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After seeing ONE picture in the Elk State Forest map, Fred Woods Trail has been on my trail bucket list.  Fred Woods Trail is a 4.57 mile loop on Mason Hill Road in Elk County, Pennsylvania.  It is known for some AMAZING rock formations, which can be found on the north side of the trail.  A trail guide can be found here. One weekend in Benezette, I suggested to Bryan that I take our kids, ages 9 and 12, along with their two friends, ages 7 and 13 up to Fred Woods for a short hike.  So, I packed all four kids in the truck and made my way down 555 listening to the some chatter that indicated excitement for some and reluctance for others.  I just wasn’t sure how hiking with four kids in the middle of July was going to go! Turning onto Mason Hill Rd, we drove 2.75 miles up to the parking area where we unloaded all the kids, got everyone’s sneakers on (don’t try this in sandals!), and made sure everyone had water.  There is a .76 mile path to the loop, and I tried to quell the whining with promises of “really cool rocks.”  Two falls, one scratched knee, and one scraped side (WATCH FOR THE ROCKS ON THE TRAIL!!!!!), things were NOT looking good… until we started finding, well, COOL ROCKS. And they climbed, and climbed, and fell some more, but spirits were high!  What was supposed to be an hour or so trip, turned into a solid 5 hour adventure. What I didn’t realize was how large the rock formations are a couple miles in… as big as houses!  The kids were amazed, and I was impressed with some serious eye candy. I think that everyone was in awe.  The girls walked around with me, in sheer amazement, and as boys will be boys, they did more climbing. After this, everyone was getting pretty tired, so we hiked out the way that we came.  I have to say that although we didn’t make the whole loop, it was totally worth it to watch all the kids having SO MUCH FUN in the woods!  What a beautiful, and memorable, experience for all!  We are surely going back for another rock climbing adventure soon! Post any Fred Woods memories or adventures in the comments below! Happy Trails, Jennifer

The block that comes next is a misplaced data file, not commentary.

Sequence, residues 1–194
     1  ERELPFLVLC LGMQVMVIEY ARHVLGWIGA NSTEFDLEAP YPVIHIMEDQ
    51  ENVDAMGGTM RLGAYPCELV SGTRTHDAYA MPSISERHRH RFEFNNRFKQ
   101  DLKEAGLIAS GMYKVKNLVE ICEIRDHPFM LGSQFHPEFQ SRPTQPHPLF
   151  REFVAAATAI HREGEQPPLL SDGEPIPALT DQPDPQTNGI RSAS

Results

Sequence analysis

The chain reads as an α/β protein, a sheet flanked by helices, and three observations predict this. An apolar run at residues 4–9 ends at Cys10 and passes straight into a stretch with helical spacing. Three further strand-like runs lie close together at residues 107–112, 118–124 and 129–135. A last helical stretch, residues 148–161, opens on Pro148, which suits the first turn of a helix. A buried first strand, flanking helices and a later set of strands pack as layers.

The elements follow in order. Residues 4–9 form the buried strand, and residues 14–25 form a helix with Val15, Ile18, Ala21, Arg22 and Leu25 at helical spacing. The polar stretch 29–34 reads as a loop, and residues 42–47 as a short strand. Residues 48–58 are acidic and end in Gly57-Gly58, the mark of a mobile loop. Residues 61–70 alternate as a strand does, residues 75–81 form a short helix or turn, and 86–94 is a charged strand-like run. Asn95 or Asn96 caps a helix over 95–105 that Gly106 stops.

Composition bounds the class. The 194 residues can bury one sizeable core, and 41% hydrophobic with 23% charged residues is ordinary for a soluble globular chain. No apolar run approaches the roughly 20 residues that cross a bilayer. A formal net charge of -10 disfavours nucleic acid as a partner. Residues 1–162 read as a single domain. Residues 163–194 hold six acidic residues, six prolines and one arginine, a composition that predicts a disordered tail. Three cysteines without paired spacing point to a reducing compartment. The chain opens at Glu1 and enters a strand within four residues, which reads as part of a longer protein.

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When the stifling heat of August inevitably rolls around, my thoughts drift to the sights and smells of Autumn.  Cool, crisp air with the smell of fall leaves drifting on the breeze, the stunning display of nature as our trees turn brilliant shades of red, yellow, and orange, as Mother Nature prepares for her long winter hibernation. A couple weeks ago, I stayed in Benezette to make for a shorter drive to Prowl the Sproul, an awesomely difficult 10k race in Hyner, Pennsylvania.  Aside from having to attend the race, the dog and I were free to explore Elk and Cameron counties the rest of the weekend.  A “tour” of nearby vistas has been on my blog bucket list for a couple months, so the dog and I hopped in the Subaru with the Elk State Forest map in hand. (See the map at the end of this post for the visual of our route, highlighted in fuschia!)

Starting Point: Bucktail Overlook